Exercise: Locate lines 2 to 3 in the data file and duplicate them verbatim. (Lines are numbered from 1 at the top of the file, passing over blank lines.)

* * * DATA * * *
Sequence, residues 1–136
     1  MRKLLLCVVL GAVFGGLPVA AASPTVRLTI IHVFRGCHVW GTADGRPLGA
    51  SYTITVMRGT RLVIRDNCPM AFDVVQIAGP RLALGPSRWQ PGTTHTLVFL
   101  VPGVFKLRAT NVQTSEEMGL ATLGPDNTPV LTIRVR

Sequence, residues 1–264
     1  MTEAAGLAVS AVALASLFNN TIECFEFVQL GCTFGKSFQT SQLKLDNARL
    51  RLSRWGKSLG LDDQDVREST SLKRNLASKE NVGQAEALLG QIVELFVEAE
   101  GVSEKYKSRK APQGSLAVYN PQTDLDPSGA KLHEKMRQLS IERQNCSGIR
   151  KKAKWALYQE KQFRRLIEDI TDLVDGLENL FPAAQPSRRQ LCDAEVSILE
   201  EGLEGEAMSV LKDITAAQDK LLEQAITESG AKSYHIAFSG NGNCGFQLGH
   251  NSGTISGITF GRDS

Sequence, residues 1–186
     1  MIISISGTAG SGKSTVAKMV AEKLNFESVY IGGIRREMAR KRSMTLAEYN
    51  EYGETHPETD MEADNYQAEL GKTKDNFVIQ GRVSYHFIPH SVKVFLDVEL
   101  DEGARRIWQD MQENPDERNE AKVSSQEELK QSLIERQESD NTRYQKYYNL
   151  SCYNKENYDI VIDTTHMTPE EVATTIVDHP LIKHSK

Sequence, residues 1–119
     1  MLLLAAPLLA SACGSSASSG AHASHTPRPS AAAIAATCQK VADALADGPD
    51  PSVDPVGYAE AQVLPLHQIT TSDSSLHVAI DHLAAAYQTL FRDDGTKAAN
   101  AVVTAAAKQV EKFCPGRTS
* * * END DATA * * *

     1  MRKLLLCVVL GAVFGGLPVA AASPTVRLTI IHVFRGCHVW GTADGRPLGA
    51  SYTITVMRGT RLVIRDNCPM AFDVVQIAGP RLALGPSRWQ PGTTHTLVFL